Realme has been quite busy this year in a bid to compete with Xiaomi. We are barely 3 months into the year and the brand has launched its Realme X7 series, Realme Narzo 30 series, and the Realme 8 series in the country. The last one comprises the Realme 8 and 8 Pro (review), successors to the Realme 7 series.
I have been using the vanilla Realme 8 for some time now, and I personally feel that it’s not really a worthy upgrade over last year’s Realme 7. The brand has replaced the 90Hz LCD panel with a Super AMOLED display on the new launch, with most other specs remaining the same. So how does it fare? Let’s find out in my review.
Design and display
- 160.6 x 73.9 x 7.99mm, 177g
- 6.4-inch Super AMOLED, Full HD+, 90.8 percent screen-to-body ratio, 1,000 nits brightness
Realme’s new “Infinite Bold Design” might not be everyone’s cup of tea. The dual-tone finish with the “Dare to Leap” branding on the right is either loved or hated by many. Thankfully, the Cyber Black variant I received has a very subtle branding, which is only visible when you look at it from an angle. Having said that, the glossy polycarbonate rear panel is a fingerprints and smudge magnet, forcing me to slap on the provided case within hours of unboxing it.
I personally like the camera module on the back with quad cameras sitting in a square grid, which gives Realme 8 a unique look. The camera module does jut out a bit, making it wobble on the surface. Putting on the case solves the issue to a large extent. The right side of the frame houses the power button and volume keys, whereas on the left there’s a dual nano-SIM card tray with dedicated microSD card slot. You’ll find a Type-C port, a 3.5mm headphone jack, and a speaker grill on the bottom.
The Realme 8 is just 7.99mm thin and weighs 177g. This makes the handset quite lightweight and I didn’t have any wrist fatigue binging on all three episodes of The Falcon and the Winter Soldier in one sitting, while holding the phone in hand.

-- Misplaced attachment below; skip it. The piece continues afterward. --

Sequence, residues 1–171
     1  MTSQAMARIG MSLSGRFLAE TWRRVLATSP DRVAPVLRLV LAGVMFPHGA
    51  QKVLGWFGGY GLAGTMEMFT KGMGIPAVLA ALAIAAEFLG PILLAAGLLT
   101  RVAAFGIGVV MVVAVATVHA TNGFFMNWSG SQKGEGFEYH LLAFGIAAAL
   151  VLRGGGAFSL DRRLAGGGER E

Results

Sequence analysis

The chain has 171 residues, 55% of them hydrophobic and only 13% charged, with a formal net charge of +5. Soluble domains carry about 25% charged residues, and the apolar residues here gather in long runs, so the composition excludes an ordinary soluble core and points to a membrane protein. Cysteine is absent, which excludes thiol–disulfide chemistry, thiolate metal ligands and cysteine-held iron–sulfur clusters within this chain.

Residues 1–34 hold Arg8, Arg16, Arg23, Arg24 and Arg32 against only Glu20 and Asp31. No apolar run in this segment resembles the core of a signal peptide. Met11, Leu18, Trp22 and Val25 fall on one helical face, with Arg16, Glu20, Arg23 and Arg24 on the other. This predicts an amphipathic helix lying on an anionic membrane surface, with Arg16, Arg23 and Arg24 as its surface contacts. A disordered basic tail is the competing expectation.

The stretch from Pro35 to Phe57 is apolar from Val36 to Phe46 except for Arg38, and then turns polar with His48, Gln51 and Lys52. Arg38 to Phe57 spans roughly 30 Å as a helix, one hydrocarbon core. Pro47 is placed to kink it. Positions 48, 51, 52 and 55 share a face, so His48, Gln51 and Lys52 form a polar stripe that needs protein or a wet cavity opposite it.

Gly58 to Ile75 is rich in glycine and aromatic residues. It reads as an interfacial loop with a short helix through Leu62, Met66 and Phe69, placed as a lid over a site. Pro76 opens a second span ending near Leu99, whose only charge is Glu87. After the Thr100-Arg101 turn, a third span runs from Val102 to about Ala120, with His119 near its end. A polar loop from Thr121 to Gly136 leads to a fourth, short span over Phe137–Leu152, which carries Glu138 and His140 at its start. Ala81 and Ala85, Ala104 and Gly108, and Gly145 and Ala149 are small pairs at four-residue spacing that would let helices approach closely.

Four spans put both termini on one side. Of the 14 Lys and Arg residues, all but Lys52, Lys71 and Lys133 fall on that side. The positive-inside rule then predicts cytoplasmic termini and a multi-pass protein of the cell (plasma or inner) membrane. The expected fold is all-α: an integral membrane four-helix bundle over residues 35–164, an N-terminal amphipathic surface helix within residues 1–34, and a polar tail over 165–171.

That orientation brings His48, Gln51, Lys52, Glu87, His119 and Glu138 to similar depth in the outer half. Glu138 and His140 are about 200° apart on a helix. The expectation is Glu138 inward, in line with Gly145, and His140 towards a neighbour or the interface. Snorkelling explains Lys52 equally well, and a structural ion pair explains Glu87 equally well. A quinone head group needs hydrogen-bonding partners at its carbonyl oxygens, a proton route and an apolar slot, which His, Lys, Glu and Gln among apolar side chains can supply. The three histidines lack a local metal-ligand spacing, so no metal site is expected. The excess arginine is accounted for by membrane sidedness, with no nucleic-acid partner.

Speaking of binge-watching a show, the Realme 8 comes with a 6.44-inch Super AMOLED screen with 2,400 x 1,080, 180Hz touch sampling rate, and 1,000 nits peak brightness. There’s no high refresh rate like the Realme 7, which has a 90Hz panel albeit an LCD unit.
Having said that, the AMOLED panel offers vibrant colours and inky blacks as expected. The text is sharp and I didn’t have any issuse while using the device outdoors, though the brightness could have been better.
- Rear: 64-megapixel primary sensor, 8-megapixel ultra-wide sensor, 2-megapixel macro sensor and 2-megapixel B&W sensor
- Front: 16-megapixel sensor
Coming to the camera setup on the back, the Realme 8 retains the same configuration as the Realme 7. The new launch features a 64-megapixel primary camera with an f/1.79 aperture, an 8-megapixel wide-angle lens, a 2-megapixel macro lens, and a 2-megapixel mono camera. There’s a 16-megapixel selfie camera on the front housed in the punch-hole cutout. You get the whole shebang of camera features including Starry Mode, Neon Portrait, Dynamic Bokeh, Dual-view Video, and a new Tilt-shift mode.
The 64-megapixel primary camera captures highly-detailed pictures with good colour production during the day. I did find some images to be overexposed, especially when shooting a backdrop of brightly lit sky. The wide-angle and macro lens produce sharp images but the colours look washed out, which is to be expected.